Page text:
Tourists left high and dry after US shutdown closes Statue of Liberty


New York (Reuters): Tourists hoping to catch a ferry to the Statue of Liberty in New York Harbour got an unpleasant surprise yesterday when they learnt the must-see destination was closed due to a US government shutdown.

The National Park Service announced on Friday that it would close the historic statue and nearby Ellis Island to visitors if Congress failed to reach a funding deal by midnight.

“If they knew it was being shut down, they should have told us,” Amparo Mendez, 17, an Argentine exchange student who went to Battery Park with a friend after purchasing tickets online last week to visit the statue and Ellis Island, said.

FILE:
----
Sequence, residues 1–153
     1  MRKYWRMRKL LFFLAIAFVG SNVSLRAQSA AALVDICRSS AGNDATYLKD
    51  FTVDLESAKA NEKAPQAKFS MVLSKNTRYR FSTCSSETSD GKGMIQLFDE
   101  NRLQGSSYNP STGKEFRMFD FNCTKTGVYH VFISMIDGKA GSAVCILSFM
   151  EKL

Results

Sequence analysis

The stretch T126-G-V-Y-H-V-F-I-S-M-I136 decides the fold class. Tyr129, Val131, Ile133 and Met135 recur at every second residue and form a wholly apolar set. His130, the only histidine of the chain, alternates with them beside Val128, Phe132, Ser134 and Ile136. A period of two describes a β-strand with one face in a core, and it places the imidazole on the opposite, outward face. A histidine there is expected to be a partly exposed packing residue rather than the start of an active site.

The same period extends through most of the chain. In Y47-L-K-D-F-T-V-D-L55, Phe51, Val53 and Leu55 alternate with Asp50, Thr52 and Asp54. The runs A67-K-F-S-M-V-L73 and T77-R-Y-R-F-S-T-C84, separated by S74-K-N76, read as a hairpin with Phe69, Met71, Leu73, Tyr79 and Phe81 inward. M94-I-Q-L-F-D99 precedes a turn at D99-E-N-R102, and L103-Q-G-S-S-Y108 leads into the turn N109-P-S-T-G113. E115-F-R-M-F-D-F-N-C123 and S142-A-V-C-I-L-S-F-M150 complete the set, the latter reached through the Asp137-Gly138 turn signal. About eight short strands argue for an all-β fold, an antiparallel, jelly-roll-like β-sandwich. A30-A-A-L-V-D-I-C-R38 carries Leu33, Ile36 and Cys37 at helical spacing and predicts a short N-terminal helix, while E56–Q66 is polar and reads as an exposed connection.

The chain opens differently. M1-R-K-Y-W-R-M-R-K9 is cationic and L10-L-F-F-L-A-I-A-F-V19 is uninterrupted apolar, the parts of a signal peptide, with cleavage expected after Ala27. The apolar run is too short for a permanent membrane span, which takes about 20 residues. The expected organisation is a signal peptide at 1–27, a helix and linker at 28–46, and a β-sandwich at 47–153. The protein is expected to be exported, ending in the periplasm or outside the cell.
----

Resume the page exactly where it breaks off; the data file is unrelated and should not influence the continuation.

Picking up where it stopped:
Her friend Brunella Pettoroso, 16, said: “We came with the notion to see the Statue of Liberty, and it’s not the same to see it from here. We’re not coming back.”

In Washington, open-air parks and monuments remained open despite the shutdown, including the Lincoln Memorial and the National Mall, where thousands of protesters gathered for the second annual Women’s March, staged on the first anniversary of President Donald Trump’s inauguration.

However, Battery Park at the southern tip of Manhattan, where large groups of visitors often gather for ferry rides to the Statue of Liberty, was unusually quiet for a Saturday.

“People have been a little bummed out, but they’re not mad at us,” Matthew Rutter, an employee of Statue Cruises, which operates ferries to the islands, among New York’s most popular tourist destinations, said.

Stephen O’Malley, a retired medical professional from Fort Lauderdale, Florida, bought tickets months ago, when he and his wife, accountant Mary Hawks, began planning a trip to the statue and Ellis Island, the gateway for millions of US immigrants in the late 19th and 20th centuries.

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